1.22 There is an important meeting point between the law concerning ‘connection and recognition of native title’ and questions of claim group membership.
It is a matter of simple justice that native title determinations should be made only in favour of the traditional owners of each area of land … Just as importantly, the ongoing demands of governance and decision-making in relation to native title lands require a clear and shared understanding of how different groups and subgroups fit together. These two considerations highlight the paramount importance of identifying the ‘right people for country’.
Parties and joinder
1.23 Native title intersects with many other interests in the Australian community. The Native Title Act contains provisions that set out the persons and organisations that are parties to a native title claim. The applicant is always a party. Relevant state and territory governments and, at times, the Commonwealth government, are respondents to a native title claim. Other persons holding interests in the claim area, such as a mining lease, may also be a party.
1.24 Most persons become parties at the initial notification stage of a claim. Other persons whose interests are affected by a native title determination may seek to become a party after this stage. Aboriginal peoples or Torres Strait Islanders, as well as other persons affected by a native title determination, may seek joinder. Joinder raises issues about potential barriers to access to justice, and the good ordering and productive relationships between all participants—Indigenous and non-Indigenous—within the native title system.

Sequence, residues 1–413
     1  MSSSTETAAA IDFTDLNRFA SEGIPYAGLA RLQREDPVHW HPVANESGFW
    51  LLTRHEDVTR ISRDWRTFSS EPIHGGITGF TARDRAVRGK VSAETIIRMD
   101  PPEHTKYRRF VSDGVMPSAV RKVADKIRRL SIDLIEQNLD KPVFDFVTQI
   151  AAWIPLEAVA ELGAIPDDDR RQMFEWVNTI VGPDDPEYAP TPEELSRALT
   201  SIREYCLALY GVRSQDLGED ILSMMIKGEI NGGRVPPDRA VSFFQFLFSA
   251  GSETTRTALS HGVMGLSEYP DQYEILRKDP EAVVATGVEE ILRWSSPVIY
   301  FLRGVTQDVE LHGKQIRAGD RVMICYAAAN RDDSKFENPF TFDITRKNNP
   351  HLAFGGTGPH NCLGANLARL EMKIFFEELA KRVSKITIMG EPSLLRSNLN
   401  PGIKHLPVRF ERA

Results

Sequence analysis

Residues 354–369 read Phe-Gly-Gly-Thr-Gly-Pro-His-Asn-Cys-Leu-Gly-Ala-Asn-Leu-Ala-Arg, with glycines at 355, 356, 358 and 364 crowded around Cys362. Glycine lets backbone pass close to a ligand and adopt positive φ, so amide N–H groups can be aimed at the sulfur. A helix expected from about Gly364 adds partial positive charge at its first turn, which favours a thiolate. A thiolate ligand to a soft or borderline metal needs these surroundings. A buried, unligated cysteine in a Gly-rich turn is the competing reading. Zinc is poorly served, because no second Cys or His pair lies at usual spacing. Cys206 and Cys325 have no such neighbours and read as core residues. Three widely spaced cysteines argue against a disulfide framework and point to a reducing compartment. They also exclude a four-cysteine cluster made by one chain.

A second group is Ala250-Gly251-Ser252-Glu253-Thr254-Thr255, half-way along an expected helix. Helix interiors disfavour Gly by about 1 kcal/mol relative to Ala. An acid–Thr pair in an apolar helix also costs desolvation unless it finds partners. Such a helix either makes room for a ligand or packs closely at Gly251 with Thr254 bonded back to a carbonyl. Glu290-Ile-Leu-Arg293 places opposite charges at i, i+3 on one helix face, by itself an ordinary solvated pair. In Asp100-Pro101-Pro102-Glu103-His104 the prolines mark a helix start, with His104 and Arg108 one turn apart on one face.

1.25 The ALRC was asked to consider any barriers to access to justice imposed by the Act’s joinder provisions for claimants, potential claimants and respondents.
Claims resolution and legal frameworks
1.26 The Native Title Act is a detailed statute that is underpinned by a multifaceted institutional and decision-making structure. The Federal Court and National Native Title Tribunal play an important role. Legal frameworks include the practices of parties to native title determinations, such as the preparation of connection reports, together with policy and administrative guidelines integral to the operation of the Native Title Act in respect of connection requirements, authorisation and joinder. Many institutions and professionals, such as anthropologists and historians, will be involved at various stages of a native title claim.
1.27 The Native Title Act intersects with other Commonwealth, state and territory legislation, including resource and land management laws. The Terms of Reference ask the ALRC to consider other legislation, case law and other relevant matters, concerning the operation of the native title system.
1.28 There have been many reviews, consultations and proposed amendments to the Native Title Act.The outcomes have been a modest series of largely technical and procedural amendments to the Act, since 1997. Since 2011 a number of amendments to the Native Title Act have been proposed. In 2011, the Native Title Amendment (Reform) Bill was introduced into the Federal Senate. The 2011 Bill was revised following an Inquiry by the Senate Standing Committee on Legal and Constitutional Affairs, and reintroduced as the Native Title Amendment (Reform) Bill (No 1) 2012. This Bill lapsed. At the time of writing, the Native Title Amendment (Reform) Bill 2014 (Cth) was before the Senate of the Federal Parliament. The content of this Bill is substantially the same as that of the lapsed 2012 Bill.
Native Title Act 1993 (Cth) s 223(1)(b).
Mabo v Queensland [No 2] (1992) 175 CLR 1.
Native Title Act 1993 (Cth) ss 223(2), 225.
Ibid s 225.
Ibid s 62(1)(iv).
Ibid s 225.
Nick Duff, ‘What’s Needed to Prove Native Title? Finding Flexibility Within the Law on Connection’ (Research Discussion Paper 35, AIATSIS, June 2014) 17.
Association of Mining and Exploration Companies, Submission 19.
See, eg, Federal Court of Australia Act 1976 (Cth).
Nick Duff, ‘Reforming the Native Title Act: Baby Steps or Dancing the Running Man?’ (2013) 17 Australian Indigenous Law Reporter 56, 56.
Aboriginal and Torres Strait Islander Social Justice Commissioner, ‘Social Justice and Native Title Report’ (Australian Human Rights Commission, 2013) 78; Duff, above n 12, 58–61.